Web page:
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1. Translating “This is Me” song for singing and subtitle
2. How metaphors in song and dialogues in “The Greatest Showman” movie are subtitled by
3. Condensation in “Wonder” subtitle

Article and thesis review for the topic: translating “This is me” song for singing and reading

1. Translation of song lyrics as structure-related expressive device by Elena Gritsenko

and Evgeniya Aleshinskaya, 2016
The paper aims to find out whether or not inserting a part of translated lyrics or
integrating a whole translated lyrics to the original lyrics may “reinforce the expressive
potential of the song and create additional meanings”, to explore the audience’s and
professional’s perception towards the original and translated lyrics, and to find out “what
indexical (symbolic) meanings can be achieved by language confrontation”. The three
multilingual songs observed in this paper are from “The Voice Russia”. Those songs are
“A Yiddishe Mame” performed in Russian, Hebrew and English, “Le temps des
cathedrales” and “Une vie d’amour”, both performed in French and Russian.
This paper concludes that the translations of these songs still preserve meaning-making
function of translation, and are more focused on the “verbal domain” and “musical
aesthetics”. Also, the translation to Russian “fosters understanding and ensures the
empathy of the listeners”, while performance with the original language is “usually
symbolic” to the listeners, since it preserves the “original flavor” and “reinforces its
emotional effect”. Lastly, “language juxtaposition can highlight the climax of the song;
reinforce the contrast between the verses and/or between the verse and the chorus, and
serve as an emotional introduction conveying the message of the song”. (Gritsenko &
Aleshinskaya, 2016).

2. Translating Song Lyrics: A Study of the Translation of the Three Musicals by Benny
Andersson and Björn Ulvaeus, 2009

Aiming to understand the “process involved in translating song lyrics”, this paper
analyses translation features of 12 song lyrics from musical CHESS, MAMMA MIA! and
Kristina från Duvemåla by comparing the original and translated lyrics, paying attention
to number of words, syllables vs. words, word-for-word translations, additions/omissions,
metaphors, rhymes, reorganization of text, paraphrases, and whether or not there is “any
untranslated English words kept in the Swedish version” (Andersson & Ulvaeus, 2009).
The paper concludes that the most common strategy used is translating by using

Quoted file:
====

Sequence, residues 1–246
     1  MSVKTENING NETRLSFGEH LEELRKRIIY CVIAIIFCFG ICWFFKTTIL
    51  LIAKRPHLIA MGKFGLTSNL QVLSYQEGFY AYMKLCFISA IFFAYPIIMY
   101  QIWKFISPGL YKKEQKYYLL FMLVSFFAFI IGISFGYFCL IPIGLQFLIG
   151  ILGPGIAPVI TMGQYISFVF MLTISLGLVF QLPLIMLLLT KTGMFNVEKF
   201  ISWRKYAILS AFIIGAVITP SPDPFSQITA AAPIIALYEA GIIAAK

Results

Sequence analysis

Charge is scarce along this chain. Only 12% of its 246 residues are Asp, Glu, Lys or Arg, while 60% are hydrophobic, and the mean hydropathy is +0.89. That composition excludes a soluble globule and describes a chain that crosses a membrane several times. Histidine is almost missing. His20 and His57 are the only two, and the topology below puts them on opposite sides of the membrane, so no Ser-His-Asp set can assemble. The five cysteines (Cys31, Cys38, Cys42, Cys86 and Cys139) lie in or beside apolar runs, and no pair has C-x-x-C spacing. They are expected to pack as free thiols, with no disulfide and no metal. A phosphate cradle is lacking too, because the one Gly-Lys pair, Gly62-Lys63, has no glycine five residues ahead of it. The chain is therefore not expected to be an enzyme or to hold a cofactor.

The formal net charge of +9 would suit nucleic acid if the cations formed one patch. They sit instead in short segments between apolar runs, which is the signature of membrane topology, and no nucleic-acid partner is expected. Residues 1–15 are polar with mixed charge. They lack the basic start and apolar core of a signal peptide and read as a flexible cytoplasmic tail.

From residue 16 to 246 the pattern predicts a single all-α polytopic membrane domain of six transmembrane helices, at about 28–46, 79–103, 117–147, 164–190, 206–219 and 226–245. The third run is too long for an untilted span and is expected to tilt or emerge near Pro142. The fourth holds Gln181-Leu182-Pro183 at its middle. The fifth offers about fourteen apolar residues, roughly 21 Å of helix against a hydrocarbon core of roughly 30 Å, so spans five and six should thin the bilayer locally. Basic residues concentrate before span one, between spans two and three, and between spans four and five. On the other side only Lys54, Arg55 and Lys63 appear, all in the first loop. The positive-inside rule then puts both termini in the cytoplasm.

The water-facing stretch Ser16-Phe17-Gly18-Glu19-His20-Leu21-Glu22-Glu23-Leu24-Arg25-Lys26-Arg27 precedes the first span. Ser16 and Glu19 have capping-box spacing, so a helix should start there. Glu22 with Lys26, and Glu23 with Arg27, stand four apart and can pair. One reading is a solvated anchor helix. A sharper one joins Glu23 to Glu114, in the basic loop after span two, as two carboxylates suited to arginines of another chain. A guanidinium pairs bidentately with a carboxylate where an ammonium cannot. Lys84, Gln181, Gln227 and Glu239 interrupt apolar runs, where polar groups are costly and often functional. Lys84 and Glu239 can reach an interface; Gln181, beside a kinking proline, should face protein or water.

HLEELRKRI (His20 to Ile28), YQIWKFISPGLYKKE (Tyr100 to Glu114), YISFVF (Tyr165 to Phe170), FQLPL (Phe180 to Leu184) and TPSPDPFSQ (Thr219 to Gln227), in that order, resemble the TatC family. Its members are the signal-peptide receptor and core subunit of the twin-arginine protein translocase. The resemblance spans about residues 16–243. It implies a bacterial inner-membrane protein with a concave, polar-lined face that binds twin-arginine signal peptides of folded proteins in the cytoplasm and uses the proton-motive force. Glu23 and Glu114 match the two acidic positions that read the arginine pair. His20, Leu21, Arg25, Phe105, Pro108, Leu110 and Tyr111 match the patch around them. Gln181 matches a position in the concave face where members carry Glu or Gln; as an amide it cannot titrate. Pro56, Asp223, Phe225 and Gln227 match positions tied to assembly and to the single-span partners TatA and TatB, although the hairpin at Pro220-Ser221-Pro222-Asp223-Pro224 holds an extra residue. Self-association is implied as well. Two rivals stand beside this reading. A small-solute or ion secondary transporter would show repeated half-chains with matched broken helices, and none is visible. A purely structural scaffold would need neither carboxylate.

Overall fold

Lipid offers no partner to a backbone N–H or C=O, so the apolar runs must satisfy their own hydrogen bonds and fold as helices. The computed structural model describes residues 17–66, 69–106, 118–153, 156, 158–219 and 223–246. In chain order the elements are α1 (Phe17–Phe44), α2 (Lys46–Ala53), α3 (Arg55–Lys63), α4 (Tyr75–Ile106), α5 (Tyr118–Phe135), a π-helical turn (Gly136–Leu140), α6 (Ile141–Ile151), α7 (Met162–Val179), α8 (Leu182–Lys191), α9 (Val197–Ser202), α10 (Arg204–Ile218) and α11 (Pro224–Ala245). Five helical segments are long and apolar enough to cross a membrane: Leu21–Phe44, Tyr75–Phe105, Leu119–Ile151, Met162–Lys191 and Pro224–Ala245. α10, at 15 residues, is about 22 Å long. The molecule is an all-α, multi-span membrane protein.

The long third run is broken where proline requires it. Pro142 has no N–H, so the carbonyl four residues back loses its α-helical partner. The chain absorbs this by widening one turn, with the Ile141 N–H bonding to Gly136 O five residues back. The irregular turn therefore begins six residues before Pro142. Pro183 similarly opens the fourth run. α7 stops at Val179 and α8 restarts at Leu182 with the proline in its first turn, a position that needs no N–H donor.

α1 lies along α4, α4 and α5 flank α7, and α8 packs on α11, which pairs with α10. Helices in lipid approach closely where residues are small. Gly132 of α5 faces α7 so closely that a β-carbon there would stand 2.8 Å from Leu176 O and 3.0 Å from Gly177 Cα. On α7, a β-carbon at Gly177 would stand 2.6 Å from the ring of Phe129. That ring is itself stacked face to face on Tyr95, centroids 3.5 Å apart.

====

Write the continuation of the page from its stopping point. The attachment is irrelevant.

paraphrases. Also, that the translator must be musical, very good at playing with words,
have good association skills, and have a large vocabulary. Lastly, it concludes that the
words ‘text arrangement’ or ‘interpretation’ are more appropriate to be used rather than
‘translating’ when it refers to “the act of transferring the song lyrics of a musical in one
language into another language” (Andersson & Ulvaeus, 2009).

3. Singable Translation of Songs by Peter Low, 2010

This article discusses the strategy used to translate song, and recommends the
pentathlon principle; “a deliberate balancing of five different criteria” which are
singability, sense, naturalness, rhyme, and rhytm. The example for the practice are German
Lied and French popular song, both translated into English.

4. A Choices in Song Translation: Singability in Print, Subtitles and Sung Performance,

Johan Franzon, 2008
Options in song translation and the concept of ‘singability’ from a functional point of
view are examined and the strategic choices made by translators/lyricists in translating
songs is described in this article. The options are: “not translating the lyrics, translating the
lyrics without taking the music into consideration, writing new lyrics, adapting the music
to the translation, and adapting the translation to the music”. It also suggests that
‘singability’ “can be defined as a musico-verbal fit of a text to music, and that this musico-
verbal unity may consist of several layers – prosodic, poetic and semantic-reflexive”. To
create a fully functional and singable TT lyric, these layers must be united. To illustrate
this, examples from different musical genres which are translated for sung performance,
for subtitles or to be printed in books are examined.

5. Subtitling and Dubbing Songs in Musical Films by Martha García Gato, 2013
The research aims to find out what “makes translation of songs for dubbing and
subtitling a complex task”. The object used in this study are songs from the musical film
My Fair Lady. The research concludes that since the constraints of subtitling and dubbing,
the way of translating is different too. Also, “it has been noticed that there is more content
accuracy in subtitling than in dubbing, or, at least the content translation appears more
synchronized with the original”. However, subtitle has higher risk to be criticized, since
“they are more exposed to comparison with the original”. While in dubbing, “the content
is easier to manipulate or, at least, less noticeable”. (Gato, 2013)

Andersson, B., & Ulvaeus, B. (2009).
Translating Song Lyrics: A Study of the Translation of the Three Musicals. Undergraduate
Thesis. Department of Culture and Communication: Sodertons University College.
Retrieved from 02
Franzon, J. (2008). Choices in Song Translation: Singability in Print, Subtitles and Sung
Performance. The Translator, 373-99.
Gato, M. G. (2013). Subtitling and Dubbing Songs in Musical Films. Comunicación, Cultura
y Política, 107-125.
Gritsenko, E., & Aleshinskaya, E. (2016). Translation of song lyrics as structure-related
expressive device. Procedia, 165 – 172.
Low, P. (2010). Singable Translation of Songs. Perspectives: Srudies in Translatology, 87-